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Research
Evaluation of e-prescribing in chain community pharmacy: Best-practice recommendations
Michael T. Rupp, PhD, BPharm; Terri L. Warholak, PhD, BPharm
J Am Pharm Assoc (2003) 2008;48:364-370. doi:10.1331/JAPhA.2008.07031

Abstract

Objectives  To measure the attitudes and beliefs of community-based pharmacists and technicians toward electronic prescribing (e-prescribing) and the processing of e-prescriptions and to generate best-practice recommendations for changes to improve e-prescribing in the community setting.

Design  Descriptive, nonexperimental, cross-sectional study.

Setting  422 chain community pharmacies in six states that met a minimum dispensing volume of five e-prescriptions per day. Data were collected between April and July 2006.

Participants  Pharmacists, technicians, and student interns.

Intervention  Receiving, processing, and dispensing of e-prescriptions assessed via self-administered survey and follow-up interviews of key pharmacy operations and information technology management in each participating chain pharmacy organization.

Main outcome measures  Attitudes, beliefs, and satisfaction of pharmacy personnel regarding e-prescribing, compared with conventional prescribing, and recommendations for improving e-prescribing in the community practice setting.

Results  1,094 surveys were returned from pharmacy personnel practicing in 276 chain community pharmacies. Pharmacy personnel preferred e-prescriptions over conventional prescriptions on each of seven desired outcomes of care. Pharmacists were found to view e-prescribing more positively than technicians (P < 0.05) for its net effect on three key outcomes: patient safety, effectiveness of care, and efficiency of care. A total of 2,235 written comments were received on the returned surveys. Of these, 57% (1,277) mentioned negative features of e-prescribing, while 43% (958) noted positive features. Improved clarity and/or legibility of prescriptions was the most frequently cited advantage of e-prescribing, followed closely by improved speed or efficiency of processing. Prescribing errors were the most commonly cited negative feature of e-prescribing, particularly those stating a wrong drug or wrong directions.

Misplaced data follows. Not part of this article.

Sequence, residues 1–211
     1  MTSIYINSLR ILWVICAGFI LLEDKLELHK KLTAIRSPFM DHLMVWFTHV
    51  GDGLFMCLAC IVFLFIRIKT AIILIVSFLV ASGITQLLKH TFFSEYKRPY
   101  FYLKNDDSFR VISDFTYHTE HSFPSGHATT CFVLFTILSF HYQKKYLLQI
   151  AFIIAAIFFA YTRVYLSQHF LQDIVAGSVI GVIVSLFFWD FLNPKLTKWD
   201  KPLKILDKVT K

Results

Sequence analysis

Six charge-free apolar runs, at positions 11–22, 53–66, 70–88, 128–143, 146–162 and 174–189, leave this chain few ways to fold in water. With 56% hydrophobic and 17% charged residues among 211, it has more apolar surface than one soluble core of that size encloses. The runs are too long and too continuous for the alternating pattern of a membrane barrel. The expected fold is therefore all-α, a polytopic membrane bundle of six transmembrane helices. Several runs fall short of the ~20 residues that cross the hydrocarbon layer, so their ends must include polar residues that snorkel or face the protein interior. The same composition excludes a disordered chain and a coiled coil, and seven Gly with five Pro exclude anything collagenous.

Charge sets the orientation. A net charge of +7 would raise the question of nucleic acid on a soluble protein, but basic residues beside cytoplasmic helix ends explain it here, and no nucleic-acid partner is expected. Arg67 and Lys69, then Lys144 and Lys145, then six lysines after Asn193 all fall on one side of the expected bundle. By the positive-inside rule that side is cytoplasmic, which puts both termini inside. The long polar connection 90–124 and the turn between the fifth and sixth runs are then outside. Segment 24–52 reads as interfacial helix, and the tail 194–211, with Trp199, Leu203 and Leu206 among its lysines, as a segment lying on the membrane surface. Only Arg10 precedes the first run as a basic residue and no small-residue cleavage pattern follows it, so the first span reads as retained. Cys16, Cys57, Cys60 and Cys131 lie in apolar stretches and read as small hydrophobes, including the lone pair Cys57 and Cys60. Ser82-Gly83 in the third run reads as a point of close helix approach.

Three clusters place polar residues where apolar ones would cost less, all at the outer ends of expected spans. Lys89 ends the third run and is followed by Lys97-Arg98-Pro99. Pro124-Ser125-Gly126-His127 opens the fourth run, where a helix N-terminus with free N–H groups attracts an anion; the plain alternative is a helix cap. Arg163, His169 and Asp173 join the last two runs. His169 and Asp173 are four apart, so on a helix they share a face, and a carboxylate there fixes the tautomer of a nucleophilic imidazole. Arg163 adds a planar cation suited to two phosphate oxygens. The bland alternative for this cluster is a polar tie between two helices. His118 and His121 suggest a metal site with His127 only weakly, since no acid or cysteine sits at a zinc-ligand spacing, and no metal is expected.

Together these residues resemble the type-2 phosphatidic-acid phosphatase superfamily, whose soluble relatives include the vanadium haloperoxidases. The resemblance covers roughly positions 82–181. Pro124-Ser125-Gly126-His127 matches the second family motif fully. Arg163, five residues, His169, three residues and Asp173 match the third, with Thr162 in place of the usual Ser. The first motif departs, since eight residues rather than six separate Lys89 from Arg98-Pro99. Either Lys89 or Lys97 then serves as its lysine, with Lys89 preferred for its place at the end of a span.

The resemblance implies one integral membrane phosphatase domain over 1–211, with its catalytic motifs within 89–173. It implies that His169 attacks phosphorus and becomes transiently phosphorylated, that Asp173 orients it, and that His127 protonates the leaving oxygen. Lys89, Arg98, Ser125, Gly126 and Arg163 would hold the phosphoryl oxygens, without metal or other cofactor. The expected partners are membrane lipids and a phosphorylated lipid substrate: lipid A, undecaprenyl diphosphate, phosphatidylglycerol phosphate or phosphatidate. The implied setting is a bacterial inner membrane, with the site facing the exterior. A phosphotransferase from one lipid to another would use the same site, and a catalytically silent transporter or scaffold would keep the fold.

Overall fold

Conclusion  Pharmacy personnel were generally satisfied with the current status of e-prescribing, but they also perceive key weaknesses in how it has been implemented in physicians’ practices and their own organizations. A total of 11 best-practice recommendations are offered to improve e-prescribing in the chain community pharmacy setting.

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References

Anderson KJ, Malone PM.  Electronic prescriptions in pharmacy.  Am J Health Syst Pharm.  1999;56:1351–3.[PubMed]
 
Murray MD, Loos B, Tu W, et al. Effects of computer-based prescribing on pharmacist work patterns.  J Am Med Inform Assoc.  1998;5:546–53.[PubMed][CrossRef]
 
Rupp MT.  The impact of e-prescribing on staff productivity in community pharmacy: part 1.  Computer Talk.  2005;25(3):15–22.
 
Rupp MT.  The impact of e-prescribing on staff productivity in community pharmacy: part 2.  Computer Talk.  2005;25(4):14–7.
 
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